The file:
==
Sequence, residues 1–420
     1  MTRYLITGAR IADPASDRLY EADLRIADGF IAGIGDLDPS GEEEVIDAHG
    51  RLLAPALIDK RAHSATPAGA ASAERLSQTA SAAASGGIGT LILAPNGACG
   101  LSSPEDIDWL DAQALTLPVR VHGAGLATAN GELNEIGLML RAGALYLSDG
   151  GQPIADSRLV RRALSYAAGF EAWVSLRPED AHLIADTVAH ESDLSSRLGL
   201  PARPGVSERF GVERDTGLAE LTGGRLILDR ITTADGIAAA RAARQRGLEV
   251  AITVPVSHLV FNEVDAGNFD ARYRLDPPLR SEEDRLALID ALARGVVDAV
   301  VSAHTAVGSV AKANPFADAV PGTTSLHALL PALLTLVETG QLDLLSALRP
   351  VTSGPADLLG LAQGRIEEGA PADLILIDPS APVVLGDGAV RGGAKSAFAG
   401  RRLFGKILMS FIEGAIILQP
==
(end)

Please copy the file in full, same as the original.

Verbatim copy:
Sequence, residues 1–420
     1  MTRYLITGAR IADPASDRLY EADLRIADGF IAGIGDLDPS GEEEVIDAHG
    51  RLLAPALIDK RAHSATPAGA ASAERLSQTA SAAASGGIGT LILAPNGACG
   101  LSSPEDIDWL DAQALTLPVR VHGAGLATAN GELNEIGLML RAGALYLSDG
   151  GQPIADSRLV RRALSYAAGF EAWVSLRPED AHLIADTVAH ESDLSSRLGL
   201  PARPGVSERF GVERDTGLAE LTGGRLILDR ITTADGIAAA RAARQRGLEV
   251  AITVPVSHLV FNEVDAGNFD ARYRLDPPLR SEEDRLALID ALARGVVDAV
   301  VSAHTAVGSV AKANPFADAV PGTTSLHALL PALLTLVETG QLDLLSALRP
   351  VTSGPADLLG LAQGRIEEGA PADLILIDPS APVVLGDGAV RGGAKSAFAG
   401  RRLFGKILMS FIEGAIILQP